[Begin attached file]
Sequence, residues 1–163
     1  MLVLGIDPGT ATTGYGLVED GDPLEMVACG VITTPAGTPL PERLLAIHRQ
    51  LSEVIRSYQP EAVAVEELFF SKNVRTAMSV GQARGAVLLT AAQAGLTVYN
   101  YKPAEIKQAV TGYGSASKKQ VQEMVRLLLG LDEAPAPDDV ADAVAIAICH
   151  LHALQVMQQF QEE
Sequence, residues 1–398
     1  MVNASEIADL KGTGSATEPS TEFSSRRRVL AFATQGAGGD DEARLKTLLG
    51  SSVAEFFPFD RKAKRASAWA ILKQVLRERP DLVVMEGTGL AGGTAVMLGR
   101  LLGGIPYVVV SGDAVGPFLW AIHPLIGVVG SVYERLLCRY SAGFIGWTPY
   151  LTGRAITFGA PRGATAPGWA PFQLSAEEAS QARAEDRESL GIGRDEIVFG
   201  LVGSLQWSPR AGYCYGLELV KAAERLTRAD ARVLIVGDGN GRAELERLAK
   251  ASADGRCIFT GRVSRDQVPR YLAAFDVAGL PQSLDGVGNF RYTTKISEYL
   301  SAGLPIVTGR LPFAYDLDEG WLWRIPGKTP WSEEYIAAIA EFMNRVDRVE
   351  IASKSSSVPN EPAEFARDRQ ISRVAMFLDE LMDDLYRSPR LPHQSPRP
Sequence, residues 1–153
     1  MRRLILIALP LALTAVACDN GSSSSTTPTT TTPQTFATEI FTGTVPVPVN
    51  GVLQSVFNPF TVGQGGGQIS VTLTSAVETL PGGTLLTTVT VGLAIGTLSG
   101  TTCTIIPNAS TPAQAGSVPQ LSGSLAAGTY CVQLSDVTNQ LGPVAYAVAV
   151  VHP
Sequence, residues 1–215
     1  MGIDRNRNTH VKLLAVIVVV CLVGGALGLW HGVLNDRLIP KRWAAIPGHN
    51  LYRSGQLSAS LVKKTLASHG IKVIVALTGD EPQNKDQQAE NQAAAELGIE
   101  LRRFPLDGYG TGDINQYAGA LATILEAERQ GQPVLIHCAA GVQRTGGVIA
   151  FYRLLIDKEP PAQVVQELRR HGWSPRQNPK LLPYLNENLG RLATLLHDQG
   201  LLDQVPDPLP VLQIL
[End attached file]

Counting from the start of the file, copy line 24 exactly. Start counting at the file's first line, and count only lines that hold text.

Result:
   151  FYRLLIDKEP PAQVVQELRR HGWSPRQNPK LLPYLNENLG RLATLLHDQG